Photograph by Hannah Whitaker
Researchers have discovered two new markers of depression – and they’re things we reveal on social media every day! Think you or someone you know might be depressed?
According to MIT Technology Review, your mental health is clearly reflected in the images you choose to post on social media. In fact, researchers have actually trained a machine to spot depression on Instagram!
US researchers gained access to the Instagram posts of 170 people, of whom around 70 were clinically depressed. From an Insta database of over 40 000 photographs, for each healthy user, the researchers chose the 100 most recent photographs to be rated. For depressed individuals, they chose the 100 pics posted before their diagnosis. Raters were then asked to judge how interesting, likeable, happy and sad each photo seemed on a scale of 0 to 5. The researchers also evaluated the photographs using objective measures such as the average hue, colour saturation, contrast etc. They counted the number of faces in each image using face detection software (on the assumption that faces are a proxy for someone’s level of social activity). And they assessed the Instagram community’s reaction to each image by counting likes and comments. With this data, they used a machine-learning algorithm to spot correlations between depression and image properties.
You’re More Likely To Be Depressed If…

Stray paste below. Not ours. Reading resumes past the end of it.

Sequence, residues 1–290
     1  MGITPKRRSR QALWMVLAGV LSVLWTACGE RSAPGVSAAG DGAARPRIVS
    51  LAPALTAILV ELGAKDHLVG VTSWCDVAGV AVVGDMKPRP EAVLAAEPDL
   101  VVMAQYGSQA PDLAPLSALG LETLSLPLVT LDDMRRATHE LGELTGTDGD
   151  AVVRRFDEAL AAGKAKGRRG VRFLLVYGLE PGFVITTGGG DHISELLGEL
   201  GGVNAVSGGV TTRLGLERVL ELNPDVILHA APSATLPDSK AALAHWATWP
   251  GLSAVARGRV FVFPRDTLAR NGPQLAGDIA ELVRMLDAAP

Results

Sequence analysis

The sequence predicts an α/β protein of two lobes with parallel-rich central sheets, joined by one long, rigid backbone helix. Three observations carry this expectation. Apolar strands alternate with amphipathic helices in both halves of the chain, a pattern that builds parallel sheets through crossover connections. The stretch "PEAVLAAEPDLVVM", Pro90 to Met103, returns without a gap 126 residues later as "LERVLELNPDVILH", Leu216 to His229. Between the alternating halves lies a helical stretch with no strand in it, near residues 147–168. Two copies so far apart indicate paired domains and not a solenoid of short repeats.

1. You use darker filters
It’s well known that we associate darker, greyer colours with darker, greyer moods (versus, say, a sunny bright yellow). And now research confirms that those suffering from depression prefer using darker, bluer, greyer colours.
Of Instagram’s atmospheric filters, depressed people had a clear fave. “When depressed participants did employ filters, they most disproportionately favoured the ‘Inkwell’ filter, which converts colour photos to black-and-white images,” say researchers Andrew Reece and Chris Danforth. And healthy peeps? Valencia, which lightens photographs.
2. You receive fewer likes!?
The researchers also found that depressed individuals’ pics receive fewer likes than those posted by healthy individuals…
3. You post pics with fewer faces
Depressed people were more likely to post photos with faces, but these pics tended to have fewer faces per photo.
Reece and Danforth note that depressed people tend to use more self-focused language, and that this may extend to images too. “If so, it may be that the abundance of low-face-count photos posted by depressed users are, in fact, self-portraits,” say the researchers, but the “sad selfie” hypothesis remains untested.
The link between colours used in Insta photos and mental health is so strong that the researchers suggest it could be used for early detection of mental illness.
They even upped the ante by setting the algorithm lose on images posted by 100 individuals and found that it correctly identified 70 percent of those who were depressed – better than your average GP’s performance!
“These findings support the notion that major changes in individual psychology are transmitted in social-media use and can be identified via computational methods,” say Reece and Danforth. We’re all for earlier, more accurate detection, no matter the method!